“I go look” offered David.

“Not on your life, buddy” said Gillam.

“Okay, Dah-veed, let's assume he has kings. Which means that's what we need to beat. Let's look at our cards again – no, not in the mouth. What shall we do, fold or bet?”


“All righty, then, put these in the pot, will you?”

Gillam called their bet and raised again, which David decided they should call. The turn revealed an ace of spades, bringing forth more betting from Gillam and a call from Allie.

Ginny said “All right, beautiful boy, do we call it a day or do we sing 'take me to the river'?”

“Ribber!” said David, pushing their chips in.

The final card was the queen of hearts. When Ginny turned over a heart flush, Allie expostulated “You opened with a goddamned 3 and 7 of hearts?”

“Worked, didn't it?” grinned Ginny. David was gleefully raking in their chips, sending half of them to the floor. He slid off her lap to laboriously pick them up. Mimi said “I come stack those for you.”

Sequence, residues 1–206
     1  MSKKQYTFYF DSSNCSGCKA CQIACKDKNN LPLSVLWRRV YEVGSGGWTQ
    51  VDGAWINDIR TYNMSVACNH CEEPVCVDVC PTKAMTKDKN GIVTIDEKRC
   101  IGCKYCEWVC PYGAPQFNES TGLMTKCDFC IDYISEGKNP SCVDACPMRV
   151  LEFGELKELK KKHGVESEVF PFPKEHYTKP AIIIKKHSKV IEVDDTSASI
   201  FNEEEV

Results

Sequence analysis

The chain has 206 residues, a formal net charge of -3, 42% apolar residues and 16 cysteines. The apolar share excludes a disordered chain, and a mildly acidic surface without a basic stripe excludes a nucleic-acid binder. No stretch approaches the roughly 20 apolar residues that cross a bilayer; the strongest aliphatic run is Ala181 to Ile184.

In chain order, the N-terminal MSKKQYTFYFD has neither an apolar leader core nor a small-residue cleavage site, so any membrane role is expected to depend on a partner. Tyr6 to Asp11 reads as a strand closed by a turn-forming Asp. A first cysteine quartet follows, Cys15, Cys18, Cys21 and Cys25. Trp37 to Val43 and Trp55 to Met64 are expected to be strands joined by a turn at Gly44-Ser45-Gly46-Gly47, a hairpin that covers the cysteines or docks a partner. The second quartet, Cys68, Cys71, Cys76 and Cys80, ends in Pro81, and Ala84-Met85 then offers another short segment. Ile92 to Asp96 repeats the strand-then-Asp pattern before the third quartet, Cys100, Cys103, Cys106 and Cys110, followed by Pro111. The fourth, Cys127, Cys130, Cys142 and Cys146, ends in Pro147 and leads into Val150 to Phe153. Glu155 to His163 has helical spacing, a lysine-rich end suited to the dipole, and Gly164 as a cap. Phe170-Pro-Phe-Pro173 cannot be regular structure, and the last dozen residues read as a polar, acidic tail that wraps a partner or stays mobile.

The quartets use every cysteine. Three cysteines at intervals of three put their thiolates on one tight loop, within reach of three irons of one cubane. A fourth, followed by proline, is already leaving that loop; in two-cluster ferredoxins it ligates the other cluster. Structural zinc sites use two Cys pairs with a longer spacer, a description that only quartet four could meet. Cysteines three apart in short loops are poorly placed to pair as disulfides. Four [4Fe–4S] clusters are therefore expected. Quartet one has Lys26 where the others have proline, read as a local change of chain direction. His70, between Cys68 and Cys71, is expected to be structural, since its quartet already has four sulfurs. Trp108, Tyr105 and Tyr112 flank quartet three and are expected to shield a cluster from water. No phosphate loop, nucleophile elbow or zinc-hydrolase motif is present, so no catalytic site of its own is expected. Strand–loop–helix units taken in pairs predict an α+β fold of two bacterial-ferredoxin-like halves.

“No!” shouted David, trying to hurl himself back into Ginny's lap.

“Here, Mimi” said Margie, “You can rearrange our dwindling resources. See if you can alternate each color, first a green, then a purple, then a yellow.”

Myra bent over and rescued the chips David had abandoned. Ginny said to the table “I surely did miss you all this week. Did you miss me?” She was looking at Mimi.

“No” said Mimi in a hard tone.

“Oh, fiddlesticks, you whined every afternoon about how lonely you were for your bubbe” said Myra severely.

“Did not” said Mimi. David patted Ginny's cheek and said “Bubbe” softly.

I missed you” said Margie. “Listen, everyone else knows, the inspection of the house next door turned up a minor plumbing issue and a recommendation for a new roof. We've put in a counter-bid, either they repair it or come down on the price.”

“Have you heard back?” asked Ginny.

“Not yet. It'll probably be better for us to the roof ourselves, we need to reconfigure a couple of the interior walls anyhow” said Margie.

“But you have to give your tenants three months to move out, which means you can't start work on it until then” said Ginny.